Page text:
Has anything come up during your discussions on the road that changed your way of thinking about what scares people?
There was one guy about six months ago, he's actually one of the reasons we started this research. It was at an event in San Francisco. We had been talking about futurism and this guy stood up and started talking about fear. He had two daughters and he felt that mobile phones and the Internet were stealing his daughters away from him. His daughters were 13, 14--right at the cusp; texting all the time. "The technology is destroying my daughters' ability to talk to humans," he said. And he started to get really upset. So upset that security was starting to move in. So I started thinking and the first thing I said was, "Stop. You are worried about your daughters because you love them. That fear, that worry, where it's coming from--good, do that. If more people did that we'd be a better society. I'm not discounting your fear, man. That means you're a good dad." So he took a breath, and everyone relaxed.
Smart phones have only been around for a few years, so we're still trying to find out what's socially and culturally acceptable. I asked him, "Are you a family that watches TV while you eat dinner or never watches TV during dinner?" He said that they never watched TV during dinner. So I said, "That's a decision that you make as a family about technology. As technology progresses, you have to remember that you are in control. You want to make sure that your daughters are safe and healthy and smart and ready for the world. That is where it's coming from, and let's also talk about how we can design technology to improve that." Because the fear was so real and visceral, it just hit me. This guy was scared and that just stopped me in my tracks.
How does a future futurist spend his time as a kid?
Growing up, my dad was a radar-tracking engineer and my mom was an [information technology] specialist. My pop used to come home with electrical schematics of the radar and tell me the story of how it worked. A few weeks later he would come home with an actual piece of the radar and say, "Take it apart." And then he would actually show me how to take it apart. I think about when this happened and I realize that it was around the time I was learning to read. I was learning to read schematics the same time I was learning to read, so I grew up immersed in technology.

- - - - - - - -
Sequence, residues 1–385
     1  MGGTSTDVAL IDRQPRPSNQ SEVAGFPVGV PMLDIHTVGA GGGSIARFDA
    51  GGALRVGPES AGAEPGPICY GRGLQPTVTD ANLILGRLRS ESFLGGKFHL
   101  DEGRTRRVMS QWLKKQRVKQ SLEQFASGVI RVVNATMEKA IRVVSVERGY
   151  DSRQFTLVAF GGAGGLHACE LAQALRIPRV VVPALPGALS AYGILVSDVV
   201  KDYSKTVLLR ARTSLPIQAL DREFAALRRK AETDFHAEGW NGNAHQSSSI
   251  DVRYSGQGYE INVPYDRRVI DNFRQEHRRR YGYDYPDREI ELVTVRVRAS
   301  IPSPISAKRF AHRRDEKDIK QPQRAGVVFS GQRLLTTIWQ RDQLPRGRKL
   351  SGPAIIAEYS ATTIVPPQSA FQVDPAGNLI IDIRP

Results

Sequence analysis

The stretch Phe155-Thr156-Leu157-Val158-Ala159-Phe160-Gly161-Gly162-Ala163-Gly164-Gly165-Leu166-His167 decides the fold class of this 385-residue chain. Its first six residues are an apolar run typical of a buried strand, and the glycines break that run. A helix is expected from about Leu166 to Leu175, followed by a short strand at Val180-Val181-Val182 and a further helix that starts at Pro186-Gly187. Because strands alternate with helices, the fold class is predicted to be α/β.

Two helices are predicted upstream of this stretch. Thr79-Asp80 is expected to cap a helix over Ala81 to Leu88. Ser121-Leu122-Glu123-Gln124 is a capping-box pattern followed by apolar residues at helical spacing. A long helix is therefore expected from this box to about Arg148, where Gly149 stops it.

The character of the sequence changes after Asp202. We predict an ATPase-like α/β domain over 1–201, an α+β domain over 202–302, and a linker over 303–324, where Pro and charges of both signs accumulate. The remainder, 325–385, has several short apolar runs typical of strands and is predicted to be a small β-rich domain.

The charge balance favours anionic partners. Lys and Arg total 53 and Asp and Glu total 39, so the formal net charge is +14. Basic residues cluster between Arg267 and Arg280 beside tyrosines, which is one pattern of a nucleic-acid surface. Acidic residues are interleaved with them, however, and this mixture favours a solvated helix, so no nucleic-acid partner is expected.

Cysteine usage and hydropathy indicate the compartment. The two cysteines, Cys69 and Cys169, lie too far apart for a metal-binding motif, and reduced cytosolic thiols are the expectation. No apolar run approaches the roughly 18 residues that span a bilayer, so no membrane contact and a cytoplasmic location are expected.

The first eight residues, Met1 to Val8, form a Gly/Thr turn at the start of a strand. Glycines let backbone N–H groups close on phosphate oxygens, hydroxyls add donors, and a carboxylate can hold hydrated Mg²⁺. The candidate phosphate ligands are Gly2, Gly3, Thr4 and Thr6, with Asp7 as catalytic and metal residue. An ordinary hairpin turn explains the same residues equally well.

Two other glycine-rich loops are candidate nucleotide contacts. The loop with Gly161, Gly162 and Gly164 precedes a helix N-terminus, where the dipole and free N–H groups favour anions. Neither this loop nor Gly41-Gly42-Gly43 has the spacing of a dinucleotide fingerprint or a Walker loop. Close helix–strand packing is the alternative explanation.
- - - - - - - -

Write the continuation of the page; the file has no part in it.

How does one become a futurist? Can you go to school and get a degree in futurism?
No, but you can go to the college where they first taught futurism, which Alvin Toffler does at the New School [for Social Research] here in New York City.
The New School is known for social research. What does a future futurist study there?
That's the lovely thing about the New School when I went, which was the late '80s, early '90s. You could take whatever you wanted. I studied a lot of computer science, but when I went to the New School it was this great mix where I could study sociology, I could study economics, I could study film and I could go down to [New York University] and take classes. As a futurist I need the technical chops to understand what we're talking about. But I also need the research chops to be able to go out and pull this all together and then have the ability to express it. It's not enough to have a vision of the future, you also have to be able to express it. That's one of the things I took away from the New School.
How did you become Intel's futurist?
I had been using future casting--a combination of computer science and social science and spotting trends--as part of my work on Intel projects looking five or 10 years out, such as the design for system-on-a-chip (SoC) processors, the new type of chip we're putting together that consolidates more processes in less space. Future casting helped us ask ourselves hard questions about the future of technology and figure out what to build. So [Intel chief technology officer] Justin Rattner said to me, "We think you should be Intel's futurist." And I said, "No way." That's a huge responsibility, especially for a place like Intel.
At the time Justin wanted me to get out there and start talking to people about the future. We had such discussions internally, but we hadn't been talking about it with others outside the company. The next week [June 30, 2010,] we released the book Screen Future, which was this work about technology in 2015. I sat down and talked to the press. Almost everyone said, "So you're Intel's futurist." At that point I realized that I already had the job.
What is the greatest misconception that people have about the future?
So many people think the future is something that is set. They say, "You're a futurist, make a prediction." The future is much more complicated than that. The future is completely in motion, it isn't this fixed point out there that we're all sort of running for and can't do anything about. The fact of the matter is, the future is made everyday by the actions of people. Because of that, people need to be active participants in that future. Literally, the future is in our hands. The biggest way you can affect the future is to talk about it with your family, your friends, your government.